Glomerulonephritis (GN)

Glomerulonephritis is a kind of kidney disease. It involves damage to your glomeruli, tiny filters inside your kidneys. Some people don’t show any symptoms. Infections and immune system disorders are one of the many causes. Sometimes, glomerulonephritis is mild and goes away without treatment. Other times it leads to kidney failure and other complications.


Inflamed glomeruli inside a human kidney next to samples of healthy and unhealthy pee showing color and appearance differences.
Glomerulonephritis is damage to the glomeruli, tiny filters inside your kidneys that remove waste from your blood. It can cause changes to your pee, but often has no symptoms.

What is glomerulonephritis?

Glomerulonephritis is a type of kidney disease. It involves damage to the glomeruli (tiny filters) inside your kidneys. If you have glomerulonephritis, your kidneys can have trouble removing waste and fluid from your body. Many mild cases resolve with treatment. If the condition becomes severe, it can lead to kidney failure.

How do glomeruli help your kidneys?

Glomeruli are tiny filtering units made of capillaries (tiny blood vessels) in your kidneys. You have almost a million of them. Their job is to remove waste and extra fluid from your blood. It’s the first step in the process of making pee. If something damages them, they can’t do their job. This means your kidneys may not work as well.

Are there different types of glomerulonephritis?

When glomerulonephritis starts suddenly, it’s called acute glomerulonephritis. When it happens slowly and lasts a while, it’s called chronic glomerulonephritis. Some people can have an acute attack and then a chronic condition years later.


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Symptoms and Causes

What are the symptoms of glomerulonephritis?

People with glomerulonephritis often don’t experience any warning signs of the disease. But symptoms can include:

Contact a healthcare provider if you have one or more of these symptoms. Many other health conditions can cause similar symptoms. Your healthcare provider can evaluate your symptoms and tell you if glomerulonephritis is a possible diagnosis.

What causes glomerulonephritis?

The reason glomerulonephritis appears is often unknown. But causes may include:

What are the risk factors for glomerulonephritis?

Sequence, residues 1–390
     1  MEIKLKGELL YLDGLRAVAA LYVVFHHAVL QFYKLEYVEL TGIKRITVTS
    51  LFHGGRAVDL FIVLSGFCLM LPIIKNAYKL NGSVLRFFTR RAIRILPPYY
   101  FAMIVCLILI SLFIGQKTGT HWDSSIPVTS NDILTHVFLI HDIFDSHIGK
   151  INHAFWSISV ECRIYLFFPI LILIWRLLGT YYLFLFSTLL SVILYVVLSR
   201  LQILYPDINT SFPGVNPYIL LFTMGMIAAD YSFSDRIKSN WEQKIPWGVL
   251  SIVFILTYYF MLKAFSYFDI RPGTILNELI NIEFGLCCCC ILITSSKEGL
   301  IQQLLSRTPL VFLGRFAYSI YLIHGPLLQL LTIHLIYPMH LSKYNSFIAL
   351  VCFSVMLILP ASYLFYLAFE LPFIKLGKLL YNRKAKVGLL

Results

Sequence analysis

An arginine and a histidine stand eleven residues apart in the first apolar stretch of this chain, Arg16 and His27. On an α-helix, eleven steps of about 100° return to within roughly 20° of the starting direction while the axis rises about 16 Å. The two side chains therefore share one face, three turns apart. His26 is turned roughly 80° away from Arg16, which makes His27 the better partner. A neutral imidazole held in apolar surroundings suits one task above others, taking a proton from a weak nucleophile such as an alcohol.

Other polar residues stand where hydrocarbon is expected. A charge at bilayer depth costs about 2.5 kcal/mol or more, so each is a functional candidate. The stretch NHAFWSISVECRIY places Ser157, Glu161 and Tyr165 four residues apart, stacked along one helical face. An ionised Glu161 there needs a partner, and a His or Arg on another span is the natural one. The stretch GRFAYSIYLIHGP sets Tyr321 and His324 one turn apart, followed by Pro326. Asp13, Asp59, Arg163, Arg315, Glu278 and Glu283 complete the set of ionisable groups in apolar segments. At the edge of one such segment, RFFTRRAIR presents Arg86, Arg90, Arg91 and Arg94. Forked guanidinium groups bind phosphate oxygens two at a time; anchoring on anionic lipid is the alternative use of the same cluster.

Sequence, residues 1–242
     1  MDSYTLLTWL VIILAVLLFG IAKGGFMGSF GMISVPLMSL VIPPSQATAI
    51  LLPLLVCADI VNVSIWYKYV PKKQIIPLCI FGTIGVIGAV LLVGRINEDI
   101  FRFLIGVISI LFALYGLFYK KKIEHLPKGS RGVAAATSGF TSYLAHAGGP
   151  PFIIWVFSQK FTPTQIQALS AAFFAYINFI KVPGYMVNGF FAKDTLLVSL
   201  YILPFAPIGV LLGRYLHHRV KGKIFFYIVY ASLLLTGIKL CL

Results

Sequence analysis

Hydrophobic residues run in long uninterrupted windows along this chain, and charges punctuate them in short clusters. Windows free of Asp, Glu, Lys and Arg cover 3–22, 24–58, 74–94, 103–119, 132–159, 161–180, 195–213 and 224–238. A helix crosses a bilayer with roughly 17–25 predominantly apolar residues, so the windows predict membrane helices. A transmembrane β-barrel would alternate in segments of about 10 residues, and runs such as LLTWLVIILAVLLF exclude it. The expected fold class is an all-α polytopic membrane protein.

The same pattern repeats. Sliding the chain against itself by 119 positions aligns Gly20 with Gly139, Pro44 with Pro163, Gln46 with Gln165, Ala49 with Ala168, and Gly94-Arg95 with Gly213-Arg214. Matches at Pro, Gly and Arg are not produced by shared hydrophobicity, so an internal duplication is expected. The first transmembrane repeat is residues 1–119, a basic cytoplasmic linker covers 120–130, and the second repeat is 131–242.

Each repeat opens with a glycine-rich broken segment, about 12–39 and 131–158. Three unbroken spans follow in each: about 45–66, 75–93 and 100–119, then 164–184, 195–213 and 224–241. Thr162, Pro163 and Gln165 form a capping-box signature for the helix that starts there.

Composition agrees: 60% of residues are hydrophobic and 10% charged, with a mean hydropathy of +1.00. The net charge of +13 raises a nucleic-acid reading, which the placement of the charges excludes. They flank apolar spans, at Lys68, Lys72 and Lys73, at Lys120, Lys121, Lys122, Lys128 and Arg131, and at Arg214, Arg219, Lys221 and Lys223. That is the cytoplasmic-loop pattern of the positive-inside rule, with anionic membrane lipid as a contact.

Not everyone with risk factors will develop glomerulonephritis. And, not everyone with the condition has a risk factor. But, the following are known risk factors:

  • A personal or family history of kidney disease.
  • Taking certain medications.
  • Exposure to specific toxins.
  • Having certain viral infections (like strep) or bacterial infections (bacterial endocarditis).
  • Having an autoimmune condition.


What are the complications of glomerulonephritis?

Some people develop complications from glomerulonephritis. Glomerulonephritis affects your kidney’s ability to remove waste from your bloodstream. Specific complications include:

Diagnosis and Tests

How is glomerulonephritis diagnosed?

Glomerulonephritis may not produce symptoms. That’s why it’s often discovered during tests for another concern. If a healthcare provider suspects you have glomerulonephritis, they may refer you to a kidney specialist and/or you may have the following tests:

  • Urine test: This test will determine if you have protein or blood in your urine.
  • Blood test: This test will measure the level of creatinine (a waste product your kidneys filter) in a sample of your blood.
  • Kidney biopsy: A healthcare provider will use a needle to remove a piece of tissue from your kidney and send it to a lab for analysis.
  • Imaging tests: Your provider may order imaging tests such as ultrasound, X-ray or CT scan. These tests check the size and shape of your kidneys, look for blockages and help diagnose other problems.


Management and Treatment

What is the treatment for glomerulonephritis?

Treatment depends on what’s causing the condition and if you have kidney damage. The goal of treatment is to reduce any further damage.